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Open Educational Resources

A guide for those interested in finding, using, or creating open educational resources

Creative Commons FAQs

See below for answers to commonly asked questions about Creative Commons licenses. Please also feel free to ask a librarian for more help!

How do I share my work with a Creative Commons license?

First, consider how you'd like others to use your work. Below is a breakdown of the elements you can include in your license.

CC License breakdown

"Six Licenses for Sharing Your Work" by Creative Commons is in the Public Domain.

Creative Commons provides an easy online tool for choosing and indicating your chosen Creative Commons license. Make sure to include the license information on your work so that everyone knows about its intellectual property status. Include author and license information, and make sure that the license on your work is machine readable. Doing this usually involves copying and pasting a short snippet of code into your document or webpage. The snippet does three things: it creates a cool little image, it links the reader directly to the Creative Commons site for more details about the license, and it makes this document searchable by the Creative Commons search engines so that people who are looking for materials they can be sure they are free to use can easily find it.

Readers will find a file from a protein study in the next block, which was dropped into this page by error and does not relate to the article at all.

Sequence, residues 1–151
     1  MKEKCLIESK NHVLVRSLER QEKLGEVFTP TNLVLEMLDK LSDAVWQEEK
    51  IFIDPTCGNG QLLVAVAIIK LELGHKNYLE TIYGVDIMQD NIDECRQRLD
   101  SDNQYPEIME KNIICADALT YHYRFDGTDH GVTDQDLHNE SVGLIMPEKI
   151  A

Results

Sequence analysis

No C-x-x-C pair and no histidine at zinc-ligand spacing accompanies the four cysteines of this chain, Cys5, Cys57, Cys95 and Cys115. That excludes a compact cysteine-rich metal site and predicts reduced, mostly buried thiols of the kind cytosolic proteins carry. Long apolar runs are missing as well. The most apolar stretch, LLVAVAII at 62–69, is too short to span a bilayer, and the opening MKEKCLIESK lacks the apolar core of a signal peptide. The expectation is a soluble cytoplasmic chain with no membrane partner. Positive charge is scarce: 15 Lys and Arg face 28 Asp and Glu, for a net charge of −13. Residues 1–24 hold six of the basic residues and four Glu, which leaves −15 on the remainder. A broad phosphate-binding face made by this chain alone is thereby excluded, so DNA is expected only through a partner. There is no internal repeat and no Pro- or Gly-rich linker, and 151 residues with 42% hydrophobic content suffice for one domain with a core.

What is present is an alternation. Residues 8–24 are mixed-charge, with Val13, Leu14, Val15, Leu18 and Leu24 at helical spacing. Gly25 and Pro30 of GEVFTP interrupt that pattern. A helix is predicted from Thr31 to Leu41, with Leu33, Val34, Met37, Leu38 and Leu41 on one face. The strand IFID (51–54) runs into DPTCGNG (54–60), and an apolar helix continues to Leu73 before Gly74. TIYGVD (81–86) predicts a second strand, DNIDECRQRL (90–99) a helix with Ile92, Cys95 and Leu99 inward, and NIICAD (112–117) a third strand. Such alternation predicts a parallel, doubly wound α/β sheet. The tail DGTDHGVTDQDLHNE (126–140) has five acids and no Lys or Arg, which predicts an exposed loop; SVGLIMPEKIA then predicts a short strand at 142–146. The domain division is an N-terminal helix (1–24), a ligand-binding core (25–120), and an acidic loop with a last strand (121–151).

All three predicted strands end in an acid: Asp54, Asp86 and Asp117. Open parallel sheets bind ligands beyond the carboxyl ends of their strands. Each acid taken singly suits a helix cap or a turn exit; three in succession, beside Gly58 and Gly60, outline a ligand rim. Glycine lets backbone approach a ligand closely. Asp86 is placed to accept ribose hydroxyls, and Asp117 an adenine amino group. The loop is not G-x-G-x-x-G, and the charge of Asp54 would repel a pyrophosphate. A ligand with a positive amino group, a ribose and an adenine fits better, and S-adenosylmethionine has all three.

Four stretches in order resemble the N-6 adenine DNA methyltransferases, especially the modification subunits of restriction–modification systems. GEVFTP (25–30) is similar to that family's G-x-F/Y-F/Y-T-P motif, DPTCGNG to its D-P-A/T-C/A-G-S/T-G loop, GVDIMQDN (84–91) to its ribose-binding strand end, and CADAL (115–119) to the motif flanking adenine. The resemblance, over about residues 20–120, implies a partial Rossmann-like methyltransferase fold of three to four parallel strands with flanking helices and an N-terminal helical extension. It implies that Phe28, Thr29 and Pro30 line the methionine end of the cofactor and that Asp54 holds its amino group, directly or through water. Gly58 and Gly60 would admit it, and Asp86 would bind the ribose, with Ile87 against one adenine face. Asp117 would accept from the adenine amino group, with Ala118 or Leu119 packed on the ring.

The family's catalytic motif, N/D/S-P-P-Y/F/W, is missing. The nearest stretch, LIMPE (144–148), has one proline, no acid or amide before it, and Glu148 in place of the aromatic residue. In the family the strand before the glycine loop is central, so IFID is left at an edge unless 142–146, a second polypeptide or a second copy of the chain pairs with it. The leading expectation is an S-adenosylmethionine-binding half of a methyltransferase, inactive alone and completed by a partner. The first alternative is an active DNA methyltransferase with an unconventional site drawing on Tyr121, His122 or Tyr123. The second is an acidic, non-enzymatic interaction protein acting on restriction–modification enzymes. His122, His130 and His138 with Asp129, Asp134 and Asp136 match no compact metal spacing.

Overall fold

Why would I want to share my work openly?

There are many reasons that scholars decided to share their work openly. For example, think about the many creative works that only you have the rights to use - gray literature, things you put online, presentations you make, early drafts of articles, datasets, images you create, video you shoot, software code you produce, course materials you use to teach, music you compose - the list goes on! These materials are often not formally published, and, therefore, they don't contribute to the field (except, perhaps, for the few individuals who were able to see your presentation or video, or took your course). Some faculty decide to share these kinds of materials with an open license so that others can benefit from their work.

Sharing with an open license also allows for greater access. This is positive for at least two reasons. First, those individuals who want to learn or conduct research but don't have the financial means to access expensive library databases or collections can benefit greatly from access to openly-licensed content. Second, openly-licensed material with your name on it can reach many more people than material behind a paywall or never published at all. This can contribute to your academic reputation and your institution's prestige as well. 

What effect do Creative Commons licenses have on fair use or other copyright exceptions?

CC licenses have no effect on copyright exceptions. If your use falls under fair use or another copyright exception, you don't need to follow the terms of the CC license for your use.

What if I assign a Creative Commons license to a work and decide to change it later?